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import an interface?

 
Carol Murphy
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I'm looking over PathFinder.java, one of the classes included in jr.jar. I just discovered that the import statement in this class is actually importing an interface, not a class. When you import an interface, do you still have to implement it? I just read that the container is responsible for implementing this particular interface, but I was only aware that interfaces were implemented, not imported! If you do import a different interface in some other class, would you then have to implement it, or how would that work?
 
Layne Lund
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No, when you import an interface, you DO NOT have to impelment it. On the other hand, if you implement an interface, you DO have to import it if the interface is declared in a different package than the class that implements it.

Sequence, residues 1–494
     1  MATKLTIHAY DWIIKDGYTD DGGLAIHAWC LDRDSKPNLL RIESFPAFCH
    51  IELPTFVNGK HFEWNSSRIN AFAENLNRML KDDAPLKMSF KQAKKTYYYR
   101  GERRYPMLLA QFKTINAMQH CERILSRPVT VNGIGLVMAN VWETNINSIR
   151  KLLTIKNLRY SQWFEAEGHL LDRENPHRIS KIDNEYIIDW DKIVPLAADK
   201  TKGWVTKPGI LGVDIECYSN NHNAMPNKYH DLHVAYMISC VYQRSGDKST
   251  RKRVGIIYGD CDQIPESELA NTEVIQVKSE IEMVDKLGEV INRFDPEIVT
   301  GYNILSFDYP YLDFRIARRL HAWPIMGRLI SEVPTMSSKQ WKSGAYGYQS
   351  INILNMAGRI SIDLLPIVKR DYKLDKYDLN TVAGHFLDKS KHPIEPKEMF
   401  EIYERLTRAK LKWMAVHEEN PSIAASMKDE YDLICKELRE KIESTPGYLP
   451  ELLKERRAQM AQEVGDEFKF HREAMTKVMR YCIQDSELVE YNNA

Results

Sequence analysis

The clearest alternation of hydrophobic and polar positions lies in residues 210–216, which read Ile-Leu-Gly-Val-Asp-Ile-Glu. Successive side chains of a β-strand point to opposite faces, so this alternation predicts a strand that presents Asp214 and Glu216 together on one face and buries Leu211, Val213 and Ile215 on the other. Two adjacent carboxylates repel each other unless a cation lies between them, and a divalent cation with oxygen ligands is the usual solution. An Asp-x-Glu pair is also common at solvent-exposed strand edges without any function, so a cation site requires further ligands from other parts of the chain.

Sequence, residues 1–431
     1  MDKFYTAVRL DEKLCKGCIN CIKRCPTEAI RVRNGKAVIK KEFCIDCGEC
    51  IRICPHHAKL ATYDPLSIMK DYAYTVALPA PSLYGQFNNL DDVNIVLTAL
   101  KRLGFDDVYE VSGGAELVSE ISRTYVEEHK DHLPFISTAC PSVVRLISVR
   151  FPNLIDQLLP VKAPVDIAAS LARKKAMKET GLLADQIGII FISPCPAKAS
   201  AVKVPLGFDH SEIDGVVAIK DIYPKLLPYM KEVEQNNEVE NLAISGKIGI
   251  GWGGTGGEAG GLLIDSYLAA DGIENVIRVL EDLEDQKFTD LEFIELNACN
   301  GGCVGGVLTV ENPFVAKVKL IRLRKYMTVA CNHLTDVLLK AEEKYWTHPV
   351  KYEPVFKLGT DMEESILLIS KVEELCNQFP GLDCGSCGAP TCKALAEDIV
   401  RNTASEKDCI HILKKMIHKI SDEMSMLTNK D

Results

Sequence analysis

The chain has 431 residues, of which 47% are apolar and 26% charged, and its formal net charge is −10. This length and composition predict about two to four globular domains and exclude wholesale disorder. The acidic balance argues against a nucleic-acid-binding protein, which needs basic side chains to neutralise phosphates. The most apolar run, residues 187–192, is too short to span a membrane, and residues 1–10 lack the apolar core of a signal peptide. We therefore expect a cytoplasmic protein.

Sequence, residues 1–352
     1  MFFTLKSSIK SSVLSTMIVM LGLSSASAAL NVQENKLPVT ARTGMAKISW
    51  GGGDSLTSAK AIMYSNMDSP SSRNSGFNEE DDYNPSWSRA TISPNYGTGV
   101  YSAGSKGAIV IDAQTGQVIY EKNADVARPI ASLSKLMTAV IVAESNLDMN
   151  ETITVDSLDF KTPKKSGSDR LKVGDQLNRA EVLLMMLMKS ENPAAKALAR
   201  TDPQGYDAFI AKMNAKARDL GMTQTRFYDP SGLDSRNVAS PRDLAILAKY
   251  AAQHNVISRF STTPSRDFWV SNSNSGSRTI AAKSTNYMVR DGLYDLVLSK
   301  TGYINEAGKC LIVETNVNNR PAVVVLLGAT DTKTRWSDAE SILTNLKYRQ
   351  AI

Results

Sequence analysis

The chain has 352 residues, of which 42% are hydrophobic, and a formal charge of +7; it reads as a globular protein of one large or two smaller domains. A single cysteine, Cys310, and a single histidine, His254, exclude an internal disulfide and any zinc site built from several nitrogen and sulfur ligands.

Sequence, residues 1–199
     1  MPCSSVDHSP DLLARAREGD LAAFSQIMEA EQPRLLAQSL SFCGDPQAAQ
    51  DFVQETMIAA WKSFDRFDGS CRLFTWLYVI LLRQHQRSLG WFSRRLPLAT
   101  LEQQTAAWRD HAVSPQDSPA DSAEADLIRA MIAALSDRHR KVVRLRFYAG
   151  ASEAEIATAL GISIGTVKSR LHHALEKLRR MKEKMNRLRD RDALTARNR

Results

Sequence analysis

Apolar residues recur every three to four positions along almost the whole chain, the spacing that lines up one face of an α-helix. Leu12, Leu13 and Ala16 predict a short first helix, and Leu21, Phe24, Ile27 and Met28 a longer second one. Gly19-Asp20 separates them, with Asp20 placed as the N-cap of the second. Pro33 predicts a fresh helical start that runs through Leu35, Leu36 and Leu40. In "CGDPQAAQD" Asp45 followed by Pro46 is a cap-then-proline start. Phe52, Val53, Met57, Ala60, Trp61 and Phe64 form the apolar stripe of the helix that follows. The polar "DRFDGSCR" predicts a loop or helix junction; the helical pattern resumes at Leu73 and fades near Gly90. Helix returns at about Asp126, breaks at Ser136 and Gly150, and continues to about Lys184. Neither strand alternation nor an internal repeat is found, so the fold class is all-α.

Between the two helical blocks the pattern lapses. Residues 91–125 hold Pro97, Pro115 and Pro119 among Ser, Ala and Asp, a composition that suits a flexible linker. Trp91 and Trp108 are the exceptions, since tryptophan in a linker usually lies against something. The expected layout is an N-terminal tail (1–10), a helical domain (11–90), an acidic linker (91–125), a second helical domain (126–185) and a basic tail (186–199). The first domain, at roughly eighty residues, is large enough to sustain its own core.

To help you understand this, the import statement simply tells the current file which classes and/or interfaces are available to be used. (Okay, there is a little more to it than this, but I'm trying to keep it simple.) Or in other words, whenever you USE a class or interface that belongs to a different package, you MUST import it. It makes no difference whether you use the class or interface as a local variable, member variable, or if you extend a class or implement an interface. In each case, you need to tell the compiler where to find the class or interface. This is what the import statement is for.

Layne
 
Carol Murphy
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Hmmmm. That's very interesting! Thanks Layne!
 
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